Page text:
Opioid Abuse Costs Australia $16 Billion a Year

By AAP
May 13, 2020 Updated: May 13, 2020

The misuse of opioids, including prescription drugs and heroin, is costing Australia almost $16 billion and thousands of deaths a year.

More than 645,000 Australians misused opioids in the 12 months to June 2016, a new study published by Curtin University’s National Drug Research Institute shows.

The national study estimates $5.6 billion in direct tangible costs related to opioid abuse, including reduced workforce productivity and absence, crime, road accidents and healthcare costs.

A further $10.1 billion is linked to the premature death of 2203 people and more than 70,000 years of life lost.

More than 100,000 Australians are estimated to have an opioid dependence, with misused prescription drugs now responsible for more deaths than heroin.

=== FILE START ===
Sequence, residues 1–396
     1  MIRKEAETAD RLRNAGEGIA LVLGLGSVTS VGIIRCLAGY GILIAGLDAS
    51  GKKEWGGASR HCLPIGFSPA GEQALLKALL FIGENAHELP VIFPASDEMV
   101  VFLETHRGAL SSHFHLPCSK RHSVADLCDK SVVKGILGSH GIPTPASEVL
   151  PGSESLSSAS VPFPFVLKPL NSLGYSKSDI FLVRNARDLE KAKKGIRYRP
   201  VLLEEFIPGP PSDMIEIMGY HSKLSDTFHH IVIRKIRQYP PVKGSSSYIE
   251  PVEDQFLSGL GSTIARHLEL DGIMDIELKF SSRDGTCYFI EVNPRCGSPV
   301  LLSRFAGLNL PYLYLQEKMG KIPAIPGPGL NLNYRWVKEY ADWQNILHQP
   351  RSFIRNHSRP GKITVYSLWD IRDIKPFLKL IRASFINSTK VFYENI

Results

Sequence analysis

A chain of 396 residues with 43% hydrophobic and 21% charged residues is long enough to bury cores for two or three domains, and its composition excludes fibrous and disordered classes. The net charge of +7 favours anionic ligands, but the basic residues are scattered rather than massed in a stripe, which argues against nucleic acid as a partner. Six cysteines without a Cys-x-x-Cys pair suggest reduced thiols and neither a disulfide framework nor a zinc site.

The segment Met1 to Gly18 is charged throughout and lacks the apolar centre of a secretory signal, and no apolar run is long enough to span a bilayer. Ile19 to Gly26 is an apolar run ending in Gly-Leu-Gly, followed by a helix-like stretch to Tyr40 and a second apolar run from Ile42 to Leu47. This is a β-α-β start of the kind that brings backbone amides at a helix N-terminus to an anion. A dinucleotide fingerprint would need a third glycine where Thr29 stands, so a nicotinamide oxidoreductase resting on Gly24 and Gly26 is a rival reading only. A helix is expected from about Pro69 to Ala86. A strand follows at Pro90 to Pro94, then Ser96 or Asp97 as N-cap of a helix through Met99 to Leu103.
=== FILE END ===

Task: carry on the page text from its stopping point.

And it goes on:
“Within Australia, we’ve seen significant increases in the extra-medical use of pharmaceuticals,” NDRI professor Steve Allsop said.

“That has certainly increased, to the point where now the larger proportion of these deaths are related to pharmaceutical opioids as opposed to just heroin.”

A 2018 report by the National Drug and Alcohol Research Centre highlighted an increase in opioid-induced deaths from 3.8 to 6.6 per 100,000 Australians from 2007 to 2016.

Allsop said the latest findings reinforced the critical importance of government interventions in recent years, including making medication to treat Hepatitis C widely available and the rollout of naloxone to prevent overdose deaths.

He noted that the study, based on the most recently available data, had not captured recent restrictions on access to codeine-based pain relief.

“We need to ensure that people who have legitimate need get access to (pain relief) medication when they need it,” Allsop said.

“But on the other hand we want to ensure people aren’t unnecessarily maintained for long periods of time on these medications. And also we want to avoid people doctor shopping, diverting pharmaceuticals for non-medical use and so on.”

Researchers from the University of Adelaide, UNSW, Flinders University and the University of Queensland contributed to the study led by the Perth-based NDRI.

By Michael Ramsey